Free iPad app - Puzzle of Africa to teach students the names, shapes and placement of the countries of Africa.1.)  Put Africa Back Together Puzzles – We have one puzzle on the computer and another on our iPad.  Both allow the kids to recognize the shapes of the countries, the names of the countries and the regions that the countries are coming from.






2.)  Find Africa Facts – Students can find facts about particular African countries on this kid-friendly website.  I pondered the idea of having each child choose and research a country of their choosing, but with our unit being split up by Winter Vacation, I’m not sure that we’ll get to this project.





3.)  Read African Folktales Online – There are many websites that provide quality African Folktaafricanfablesles.  Our favorites are called African Folktales and African Fables and Myths.



Heidi Raki of Raki's Rad Resources 

Friday, December 7, 2012

Getting Ready for 12-12-12

Holy Holiday Rush, Batman!  This last week has been so crazy for me that I have all but fallen off of the face of the blogging world. We have had report cards and parent conferences this week, as well as finishing up my Earth Science unit and beginning my new unit on the Folktales of Africa.  Then, we also have preparations for our holiday show – Light Up the World with Celebrations – songs, lines, decorations, programs, etc. 

To top it all off, one of my little sweeties is getting ready for a big move, leaving us to move with her family to Kenya, so we have been trying to get in time to make her last days special.  So, when she asked if we could do something special for 12-12-12, how could I say no?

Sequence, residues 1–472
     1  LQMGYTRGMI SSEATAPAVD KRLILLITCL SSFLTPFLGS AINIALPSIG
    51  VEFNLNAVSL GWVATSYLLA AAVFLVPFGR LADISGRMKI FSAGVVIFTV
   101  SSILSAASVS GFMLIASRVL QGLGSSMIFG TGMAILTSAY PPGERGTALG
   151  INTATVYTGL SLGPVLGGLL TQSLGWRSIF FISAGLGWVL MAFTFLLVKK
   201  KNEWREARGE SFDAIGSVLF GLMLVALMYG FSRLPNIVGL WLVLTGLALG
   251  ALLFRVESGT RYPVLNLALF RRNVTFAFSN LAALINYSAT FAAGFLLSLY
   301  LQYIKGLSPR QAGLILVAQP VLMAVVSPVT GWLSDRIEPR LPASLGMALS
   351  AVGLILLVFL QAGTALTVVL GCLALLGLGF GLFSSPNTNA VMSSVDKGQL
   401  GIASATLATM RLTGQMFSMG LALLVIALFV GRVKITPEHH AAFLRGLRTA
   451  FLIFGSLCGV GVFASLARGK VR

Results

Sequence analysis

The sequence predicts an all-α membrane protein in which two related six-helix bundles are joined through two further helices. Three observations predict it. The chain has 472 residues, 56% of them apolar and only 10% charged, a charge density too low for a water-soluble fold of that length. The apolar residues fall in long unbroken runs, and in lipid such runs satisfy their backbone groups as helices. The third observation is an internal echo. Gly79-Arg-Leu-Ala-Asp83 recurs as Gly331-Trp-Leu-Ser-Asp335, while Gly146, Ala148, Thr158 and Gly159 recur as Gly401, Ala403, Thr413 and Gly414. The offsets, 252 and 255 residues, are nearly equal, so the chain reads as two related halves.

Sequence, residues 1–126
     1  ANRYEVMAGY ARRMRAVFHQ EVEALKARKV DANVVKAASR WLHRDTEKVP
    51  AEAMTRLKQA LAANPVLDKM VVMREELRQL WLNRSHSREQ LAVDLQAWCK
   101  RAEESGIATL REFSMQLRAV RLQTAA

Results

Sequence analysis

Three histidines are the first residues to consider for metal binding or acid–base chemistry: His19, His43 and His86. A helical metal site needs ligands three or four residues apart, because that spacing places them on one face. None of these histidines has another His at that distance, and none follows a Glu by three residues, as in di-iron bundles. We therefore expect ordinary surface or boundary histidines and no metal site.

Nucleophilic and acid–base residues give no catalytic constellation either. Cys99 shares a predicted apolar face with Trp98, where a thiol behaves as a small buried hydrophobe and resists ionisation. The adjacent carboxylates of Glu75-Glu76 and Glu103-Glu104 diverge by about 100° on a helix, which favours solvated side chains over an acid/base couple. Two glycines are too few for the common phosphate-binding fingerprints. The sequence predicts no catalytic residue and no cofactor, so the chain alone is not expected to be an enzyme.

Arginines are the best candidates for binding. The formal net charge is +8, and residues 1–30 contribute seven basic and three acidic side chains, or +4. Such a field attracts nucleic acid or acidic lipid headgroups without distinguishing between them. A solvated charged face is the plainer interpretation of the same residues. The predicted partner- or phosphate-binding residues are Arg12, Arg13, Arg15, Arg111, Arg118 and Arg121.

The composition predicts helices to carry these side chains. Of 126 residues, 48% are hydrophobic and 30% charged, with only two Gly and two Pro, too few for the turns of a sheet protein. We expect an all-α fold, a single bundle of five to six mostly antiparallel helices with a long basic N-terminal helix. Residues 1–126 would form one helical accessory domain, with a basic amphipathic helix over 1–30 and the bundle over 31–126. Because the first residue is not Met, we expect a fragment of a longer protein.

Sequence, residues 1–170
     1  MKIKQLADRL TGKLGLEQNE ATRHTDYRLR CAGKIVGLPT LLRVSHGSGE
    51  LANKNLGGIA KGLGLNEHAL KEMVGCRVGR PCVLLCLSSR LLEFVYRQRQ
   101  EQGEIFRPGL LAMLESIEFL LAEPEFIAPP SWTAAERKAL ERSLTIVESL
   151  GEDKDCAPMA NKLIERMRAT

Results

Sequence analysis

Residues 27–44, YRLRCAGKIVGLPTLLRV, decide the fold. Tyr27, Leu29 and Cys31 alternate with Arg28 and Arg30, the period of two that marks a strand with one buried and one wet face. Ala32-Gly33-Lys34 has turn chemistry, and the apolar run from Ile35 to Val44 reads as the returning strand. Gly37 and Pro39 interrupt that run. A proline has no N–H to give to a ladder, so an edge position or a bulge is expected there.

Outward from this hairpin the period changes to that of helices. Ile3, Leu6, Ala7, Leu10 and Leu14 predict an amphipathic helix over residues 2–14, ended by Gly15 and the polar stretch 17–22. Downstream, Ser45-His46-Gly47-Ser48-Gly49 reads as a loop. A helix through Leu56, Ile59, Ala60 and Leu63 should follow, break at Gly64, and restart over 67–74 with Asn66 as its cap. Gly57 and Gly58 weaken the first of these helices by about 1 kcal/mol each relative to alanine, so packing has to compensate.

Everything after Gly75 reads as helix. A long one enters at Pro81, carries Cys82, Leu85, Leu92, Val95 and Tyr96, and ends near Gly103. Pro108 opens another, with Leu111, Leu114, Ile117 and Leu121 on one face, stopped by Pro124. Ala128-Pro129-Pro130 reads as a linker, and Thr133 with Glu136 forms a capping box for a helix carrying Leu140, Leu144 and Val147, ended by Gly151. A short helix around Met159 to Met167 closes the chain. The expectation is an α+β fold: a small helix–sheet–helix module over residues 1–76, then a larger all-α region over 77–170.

So, here I was tonight, putting together a fun sheet of random facts that connect to 12.  There are an amazinWhat is your class doing for 12-12-12?  Here's a sheet with lots of 12 connections - to words, numbers, shapes, measurement, the human body and more - free from Raki's Rad Resources.g number of them.  Like, did you know that twelve comes from a Germanic word “twalif” meaning two more?  Or that you have exactly twelve finger bones (without your thumb)? Or that there have been 12 people to walk on the moon?  Okay, the moon thing might be a fluke, but there are some serious historical and mathematical connections to twelve.  Our entire system of measuring type is based on 12 – 12 months in a year, 2 sets of 12 make a day, 12 sets of 5 minutes make an hour, 12 sets of 5 seconds make a minute.  This list goes on.  Grab this free sheet from Google Docs to use with your class on 12-12-12.

Some other things we are going to do is:

- Sing the 12 Days of Christmas

- Fold paper cubes – each cube has 12 edges.

- Play with a deck of cards – each suit has 12 face cards.

- Count on by 12’s from random numbers

- Scout around  our room to find other groups of 12.

What do you have planned for 12-12-12?

Heidi Raki of Raki's Rad Resources

Saturday, December 1, 2012

A Holiday Treat for Free

It’s December!  I can say Happy Holidays!  First, I have to say sorry to anyone who was here over the last 24 hours and was asked to enter a password.  My blog was hacked for a bit, but it has been all cleared up now!

Winter Holidays Tips and Free Teacher Resources E-Book from the Teacher Authors at Teachers Pay TeachersToday, I am excited to announce the arrival of the 2012 Winter Holidays Tips and Freebies E-Books!  There are 4 of them, divided by grade level:



Grades 7 – 12

Grades 3 – 6 (Featuring me on page 38!)Winter Holidays Tips and Free Teacher Resources E-Book from the Teacher Authors at Teachers Pay Teachers

Grades 1 – 2

Grades Pk – K

Each book contains 30 – 50 pages of holiday tips and links to holiday freebies created by the teacher authors at Teachers Pay Teachers, and each and every book is completely free!!  Stop by and get yours today and don’t forget to send the links on to your teammates or other teachers who might benefit from a free holiday lesson or two (or almost 200) during this holiday season. 

Happy Holidays!

Heidi Raki of Raki's Rad Resources

Thursday, November 29, 2012

How do YOU divide?

Today is Thursday, so my post should be an iPad app suggestion, and I have a great one for you, but I had something cool come up in class today and decided to share it with you.  Stop by tomorrow for this week’s app suggestion.  Now, on to my eye opening math lesson.

Last week, on my kids math assessment, there was a problem that asked the kids to divide $5 between 6 kids.  All of my kids got stuck on this problem, so I decided to take the opportunity to use this to review long division.